HOUSTON – With temperatures expected to go down into the 20s next week and snow possible, experts say that now is the time to prepare your home. There are several low-cost or free things you can do to protect your home, helping you save hundreds, even thousands of dollars in repair.
1. Insulate your pipes and faucets and towels may not be the best long-term option.
"The water inside the faucet will freeze, and then when the weather warms up, it's still frozen. You'll have pressure (on the faucet), and so (the metal) will crack," said James York, owner of Southern Plumbing.
Cold weather and possible snow predicted for next week. Experts say it's better to be safe that sorry. 3 quick tips on jow to prep your home on Facebook https://t.co/D5IGmFXImn --Full report at 4 & 6 @KPRC2 pic.twitter.com/w9gCpHiCvR— KPRC2 Rose-Ann Aragon (@KPRC2RoseAnn) December 28, 2017
Pipe insulation materials, faucet covers and slip-on faucet protectors are all recommended ways to keep the pipes warm. You can find them at any local hardware stores.
"I do not recommend using towels because they hold moisture and then it'll rust out your fixtures...and may make them crack," said Sergio Palmero, with Southern Plumbing.
Palmero said while using towels for a day or two is OK, using them throughout the year can cause damage.
Inside, insulate pipes found within 3 feet from an exterior wall.
2. Turn off your sprinkler system and make sure the backflow preventer is drained.
"Know where you black flow or your vacuum system for your irrigation system is," York said. "It's best to just turn it off."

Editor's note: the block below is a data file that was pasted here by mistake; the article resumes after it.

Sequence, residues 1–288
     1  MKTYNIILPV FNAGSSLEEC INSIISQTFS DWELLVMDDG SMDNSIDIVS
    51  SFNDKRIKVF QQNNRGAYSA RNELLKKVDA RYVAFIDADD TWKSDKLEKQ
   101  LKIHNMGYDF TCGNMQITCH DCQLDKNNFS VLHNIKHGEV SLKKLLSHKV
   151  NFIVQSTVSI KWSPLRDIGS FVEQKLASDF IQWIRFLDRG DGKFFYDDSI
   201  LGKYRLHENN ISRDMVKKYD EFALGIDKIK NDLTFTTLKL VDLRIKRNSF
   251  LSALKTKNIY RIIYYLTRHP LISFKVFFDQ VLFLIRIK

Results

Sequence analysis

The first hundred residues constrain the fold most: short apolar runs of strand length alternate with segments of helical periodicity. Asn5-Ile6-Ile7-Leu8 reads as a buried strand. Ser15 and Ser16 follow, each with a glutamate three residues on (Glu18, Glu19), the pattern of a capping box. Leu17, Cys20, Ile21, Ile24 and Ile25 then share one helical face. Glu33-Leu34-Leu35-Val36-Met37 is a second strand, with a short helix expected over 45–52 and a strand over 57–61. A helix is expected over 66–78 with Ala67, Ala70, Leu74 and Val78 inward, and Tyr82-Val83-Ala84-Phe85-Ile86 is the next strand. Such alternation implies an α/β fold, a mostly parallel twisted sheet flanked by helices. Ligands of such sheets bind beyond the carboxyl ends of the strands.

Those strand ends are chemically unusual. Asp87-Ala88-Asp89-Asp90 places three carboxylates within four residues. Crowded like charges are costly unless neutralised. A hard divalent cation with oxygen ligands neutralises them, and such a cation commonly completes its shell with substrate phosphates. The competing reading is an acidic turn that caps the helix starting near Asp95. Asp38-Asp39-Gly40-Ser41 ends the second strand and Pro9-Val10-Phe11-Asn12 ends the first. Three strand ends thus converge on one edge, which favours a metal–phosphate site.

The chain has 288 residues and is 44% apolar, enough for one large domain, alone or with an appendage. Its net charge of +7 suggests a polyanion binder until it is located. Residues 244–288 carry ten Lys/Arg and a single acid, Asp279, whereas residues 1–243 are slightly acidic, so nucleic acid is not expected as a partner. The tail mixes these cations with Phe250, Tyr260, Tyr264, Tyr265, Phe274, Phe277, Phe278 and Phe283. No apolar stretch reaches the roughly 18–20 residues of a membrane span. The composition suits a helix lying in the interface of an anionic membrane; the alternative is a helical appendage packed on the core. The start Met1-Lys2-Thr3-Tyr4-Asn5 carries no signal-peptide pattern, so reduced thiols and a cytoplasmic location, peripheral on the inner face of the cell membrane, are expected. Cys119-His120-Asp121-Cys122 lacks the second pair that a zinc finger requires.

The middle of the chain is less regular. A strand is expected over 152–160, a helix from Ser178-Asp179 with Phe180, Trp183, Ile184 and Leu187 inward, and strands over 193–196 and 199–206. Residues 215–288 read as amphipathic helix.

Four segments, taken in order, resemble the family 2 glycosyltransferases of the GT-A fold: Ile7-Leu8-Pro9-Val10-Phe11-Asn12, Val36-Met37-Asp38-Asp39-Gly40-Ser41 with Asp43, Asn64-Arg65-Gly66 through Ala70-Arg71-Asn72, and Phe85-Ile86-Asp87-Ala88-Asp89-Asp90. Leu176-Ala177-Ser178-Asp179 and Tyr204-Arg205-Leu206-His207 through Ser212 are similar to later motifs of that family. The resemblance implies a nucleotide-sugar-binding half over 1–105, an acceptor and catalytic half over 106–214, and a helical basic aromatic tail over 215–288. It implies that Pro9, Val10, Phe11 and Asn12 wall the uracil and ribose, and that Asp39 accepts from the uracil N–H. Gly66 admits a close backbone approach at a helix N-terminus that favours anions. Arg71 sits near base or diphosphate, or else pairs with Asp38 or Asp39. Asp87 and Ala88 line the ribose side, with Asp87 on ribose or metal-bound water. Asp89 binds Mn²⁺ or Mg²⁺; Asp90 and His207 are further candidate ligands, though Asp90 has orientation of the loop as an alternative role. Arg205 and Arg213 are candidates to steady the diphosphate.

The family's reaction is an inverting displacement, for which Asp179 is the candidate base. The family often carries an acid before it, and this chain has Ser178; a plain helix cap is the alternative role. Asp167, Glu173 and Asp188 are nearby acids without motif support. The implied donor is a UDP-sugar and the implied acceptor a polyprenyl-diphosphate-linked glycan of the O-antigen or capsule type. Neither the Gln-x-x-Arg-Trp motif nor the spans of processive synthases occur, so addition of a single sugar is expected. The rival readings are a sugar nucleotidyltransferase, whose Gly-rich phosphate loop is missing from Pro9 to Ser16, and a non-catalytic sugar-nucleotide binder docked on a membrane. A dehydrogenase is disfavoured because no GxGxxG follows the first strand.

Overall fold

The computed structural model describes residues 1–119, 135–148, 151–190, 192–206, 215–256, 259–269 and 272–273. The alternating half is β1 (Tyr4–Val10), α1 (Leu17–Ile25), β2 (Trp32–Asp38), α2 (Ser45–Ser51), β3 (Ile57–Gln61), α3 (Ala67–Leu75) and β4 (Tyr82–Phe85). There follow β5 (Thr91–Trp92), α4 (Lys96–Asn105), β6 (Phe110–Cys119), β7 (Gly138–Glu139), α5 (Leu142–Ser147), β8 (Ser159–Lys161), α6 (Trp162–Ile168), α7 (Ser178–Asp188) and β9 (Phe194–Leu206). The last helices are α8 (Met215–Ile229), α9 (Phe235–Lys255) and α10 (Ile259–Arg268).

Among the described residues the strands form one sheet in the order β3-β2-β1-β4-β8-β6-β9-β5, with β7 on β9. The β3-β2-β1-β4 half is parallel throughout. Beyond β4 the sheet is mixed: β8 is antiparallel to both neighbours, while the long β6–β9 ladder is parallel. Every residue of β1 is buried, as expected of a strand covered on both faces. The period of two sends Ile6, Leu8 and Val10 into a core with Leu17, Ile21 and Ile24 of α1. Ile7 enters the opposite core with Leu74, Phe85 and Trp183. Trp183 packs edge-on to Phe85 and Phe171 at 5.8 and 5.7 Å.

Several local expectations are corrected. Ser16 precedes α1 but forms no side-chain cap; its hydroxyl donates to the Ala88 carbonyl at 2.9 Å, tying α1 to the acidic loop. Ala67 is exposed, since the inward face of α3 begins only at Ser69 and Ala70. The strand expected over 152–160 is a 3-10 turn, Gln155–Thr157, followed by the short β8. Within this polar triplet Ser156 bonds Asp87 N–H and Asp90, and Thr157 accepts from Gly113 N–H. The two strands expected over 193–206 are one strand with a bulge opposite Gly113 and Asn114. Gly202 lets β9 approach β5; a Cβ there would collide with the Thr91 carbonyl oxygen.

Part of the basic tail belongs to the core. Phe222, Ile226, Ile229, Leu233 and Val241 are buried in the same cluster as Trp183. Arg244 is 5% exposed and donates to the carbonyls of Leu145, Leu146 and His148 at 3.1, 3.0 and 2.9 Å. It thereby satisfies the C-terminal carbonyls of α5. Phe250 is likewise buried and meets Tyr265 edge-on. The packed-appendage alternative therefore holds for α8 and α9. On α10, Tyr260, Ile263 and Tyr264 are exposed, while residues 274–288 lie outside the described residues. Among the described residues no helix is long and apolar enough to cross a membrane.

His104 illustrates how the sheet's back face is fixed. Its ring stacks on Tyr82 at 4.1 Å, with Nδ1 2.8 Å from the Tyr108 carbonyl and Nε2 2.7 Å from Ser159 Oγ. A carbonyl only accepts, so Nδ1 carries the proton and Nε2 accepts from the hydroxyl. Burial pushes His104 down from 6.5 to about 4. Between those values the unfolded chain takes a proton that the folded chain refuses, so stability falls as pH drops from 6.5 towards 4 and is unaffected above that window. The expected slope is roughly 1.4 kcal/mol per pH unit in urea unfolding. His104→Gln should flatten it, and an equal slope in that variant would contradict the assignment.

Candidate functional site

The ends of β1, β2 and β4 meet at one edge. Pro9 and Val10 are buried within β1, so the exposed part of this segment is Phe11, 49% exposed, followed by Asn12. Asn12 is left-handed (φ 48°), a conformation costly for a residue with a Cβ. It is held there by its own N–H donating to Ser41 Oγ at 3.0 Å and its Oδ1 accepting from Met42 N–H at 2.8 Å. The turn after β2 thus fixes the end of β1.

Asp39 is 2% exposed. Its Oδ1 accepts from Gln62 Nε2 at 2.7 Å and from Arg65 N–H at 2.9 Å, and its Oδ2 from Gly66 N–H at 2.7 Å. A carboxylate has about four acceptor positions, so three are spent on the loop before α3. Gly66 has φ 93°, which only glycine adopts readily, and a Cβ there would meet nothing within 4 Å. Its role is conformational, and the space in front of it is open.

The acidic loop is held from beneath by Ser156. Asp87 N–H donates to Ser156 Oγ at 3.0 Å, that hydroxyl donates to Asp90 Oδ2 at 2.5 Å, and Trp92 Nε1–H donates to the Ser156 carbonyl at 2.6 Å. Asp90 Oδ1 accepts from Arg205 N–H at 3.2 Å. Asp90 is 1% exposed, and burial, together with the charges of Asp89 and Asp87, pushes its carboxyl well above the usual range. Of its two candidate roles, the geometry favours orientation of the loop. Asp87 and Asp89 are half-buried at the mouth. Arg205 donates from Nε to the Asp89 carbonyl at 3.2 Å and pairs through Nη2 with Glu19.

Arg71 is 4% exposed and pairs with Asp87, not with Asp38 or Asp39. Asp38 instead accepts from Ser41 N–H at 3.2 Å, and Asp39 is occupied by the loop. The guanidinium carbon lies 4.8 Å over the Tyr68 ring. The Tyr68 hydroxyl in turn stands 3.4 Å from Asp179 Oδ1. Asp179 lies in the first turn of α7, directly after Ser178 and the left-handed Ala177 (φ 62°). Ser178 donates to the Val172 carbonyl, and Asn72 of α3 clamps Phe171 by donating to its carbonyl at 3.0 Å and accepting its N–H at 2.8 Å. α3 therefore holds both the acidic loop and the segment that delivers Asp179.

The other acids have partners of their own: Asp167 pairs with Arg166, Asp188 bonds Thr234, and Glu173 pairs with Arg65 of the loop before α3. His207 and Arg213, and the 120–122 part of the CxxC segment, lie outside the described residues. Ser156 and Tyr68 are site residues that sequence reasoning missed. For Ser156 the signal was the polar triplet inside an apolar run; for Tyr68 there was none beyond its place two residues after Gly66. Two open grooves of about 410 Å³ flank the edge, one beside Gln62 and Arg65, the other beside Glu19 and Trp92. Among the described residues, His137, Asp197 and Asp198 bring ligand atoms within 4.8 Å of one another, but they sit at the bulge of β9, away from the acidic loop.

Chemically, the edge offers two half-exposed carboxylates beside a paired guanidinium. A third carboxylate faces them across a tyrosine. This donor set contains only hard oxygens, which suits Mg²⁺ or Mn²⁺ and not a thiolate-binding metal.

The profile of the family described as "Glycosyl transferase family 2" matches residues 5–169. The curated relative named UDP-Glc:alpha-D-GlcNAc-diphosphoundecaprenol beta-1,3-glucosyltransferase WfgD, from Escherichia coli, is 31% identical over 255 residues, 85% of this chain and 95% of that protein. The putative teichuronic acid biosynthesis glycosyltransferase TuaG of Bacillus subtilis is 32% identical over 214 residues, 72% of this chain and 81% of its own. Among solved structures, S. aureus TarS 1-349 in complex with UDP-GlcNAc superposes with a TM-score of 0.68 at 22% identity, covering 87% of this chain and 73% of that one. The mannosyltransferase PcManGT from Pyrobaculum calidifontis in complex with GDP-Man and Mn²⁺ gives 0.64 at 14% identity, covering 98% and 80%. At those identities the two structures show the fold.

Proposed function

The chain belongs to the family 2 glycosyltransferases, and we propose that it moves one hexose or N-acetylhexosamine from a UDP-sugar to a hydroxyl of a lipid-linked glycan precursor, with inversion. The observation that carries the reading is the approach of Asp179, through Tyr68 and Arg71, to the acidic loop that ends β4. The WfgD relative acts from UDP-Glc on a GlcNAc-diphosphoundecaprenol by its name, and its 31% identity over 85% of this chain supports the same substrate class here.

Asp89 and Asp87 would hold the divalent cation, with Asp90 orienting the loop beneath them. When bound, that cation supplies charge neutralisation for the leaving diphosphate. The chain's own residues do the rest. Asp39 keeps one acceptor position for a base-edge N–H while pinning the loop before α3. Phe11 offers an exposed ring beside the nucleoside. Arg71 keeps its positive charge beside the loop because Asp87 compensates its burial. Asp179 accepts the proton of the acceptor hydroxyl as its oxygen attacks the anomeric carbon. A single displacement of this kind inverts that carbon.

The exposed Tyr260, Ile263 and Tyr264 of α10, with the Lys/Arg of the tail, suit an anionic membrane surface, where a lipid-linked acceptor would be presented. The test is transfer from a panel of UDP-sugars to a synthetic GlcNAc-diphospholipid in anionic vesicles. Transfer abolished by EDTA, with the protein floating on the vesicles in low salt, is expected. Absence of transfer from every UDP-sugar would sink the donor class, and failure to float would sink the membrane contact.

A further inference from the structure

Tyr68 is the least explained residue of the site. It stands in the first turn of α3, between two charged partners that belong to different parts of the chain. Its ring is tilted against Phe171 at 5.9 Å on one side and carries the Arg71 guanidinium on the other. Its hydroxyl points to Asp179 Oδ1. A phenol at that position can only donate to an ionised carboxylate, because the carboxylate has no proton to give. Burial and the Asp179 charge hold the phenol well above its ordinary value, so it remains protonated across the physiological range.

"If your backflow preventer is not drained, then your pipes may break," said Stone Shi, who manages Home Depot.
3. Experts say you can try your hair dryer if pipes freeze.
Obviously, safety comes first. Experts said, if you can locate the part of the pipe that is frozen, you can try to thaw it with a hairdryer.
"A lot of times I'll get calls from homeowners and the faucet won't turn on, so what I tell them to do is turn the faucet on. If you can get into the attic and find the pipes to whatever faucet it is and use a blowdryer, then you'll save yourself a lot of money from the pipes busting," York said.
Experts do not suggest using any type of fire to thaw frozen pipes.
4. If you live in an old home, keep your faucet lightly dripping.
York said that older homes were built to a different code. People with older homes should leave their faucets lightly dripping to prevent water from freezing inside pipes.
5. Take your plants inside or cover and water them
"When temperatures are below 32, then flowery plants tend to die," Shi said. "You can get plant blankets to keep plants safe from the cold air."
Watering your plants before it gets cold will also help.
“The water underground is warmer and so watering your plants can help keep the plant warm,” Shi said.